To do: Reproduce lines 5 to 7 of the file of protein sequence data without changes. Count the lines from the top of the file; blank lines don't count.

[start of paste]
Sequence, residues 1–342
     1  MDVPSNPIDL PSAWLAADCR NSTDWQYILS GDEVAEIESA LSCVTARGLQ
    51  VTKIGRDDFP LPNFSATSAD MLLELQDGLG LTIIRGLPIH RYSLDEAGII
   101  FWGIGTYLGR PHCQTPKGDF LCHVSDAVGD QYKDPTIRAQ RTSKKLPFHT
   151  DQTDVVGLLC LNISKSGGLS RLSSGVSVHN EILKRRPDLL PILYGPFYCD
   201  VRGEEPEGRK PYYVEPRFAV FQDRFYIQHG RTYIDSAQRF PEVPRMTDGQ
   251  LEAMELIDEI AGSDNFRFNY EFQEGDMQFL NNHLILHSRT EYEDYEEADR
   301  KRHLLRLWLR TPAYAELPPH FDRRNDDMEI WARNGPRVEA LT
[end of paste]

   151  DQTDVVGLLC LNISKSGGLS RLSSGVSVHN EILKRRPDLL PILYGPFYCD
   201  VRGEEPEGRK PYYVEPRFAV FQDRFYIQHG RTYIDSAQRF PEVPRMTDGQ
   251  LEAMELIDEI AGSDNFRFNY EFQEGDMQFL NNHLILHSRT EYEDYEEADR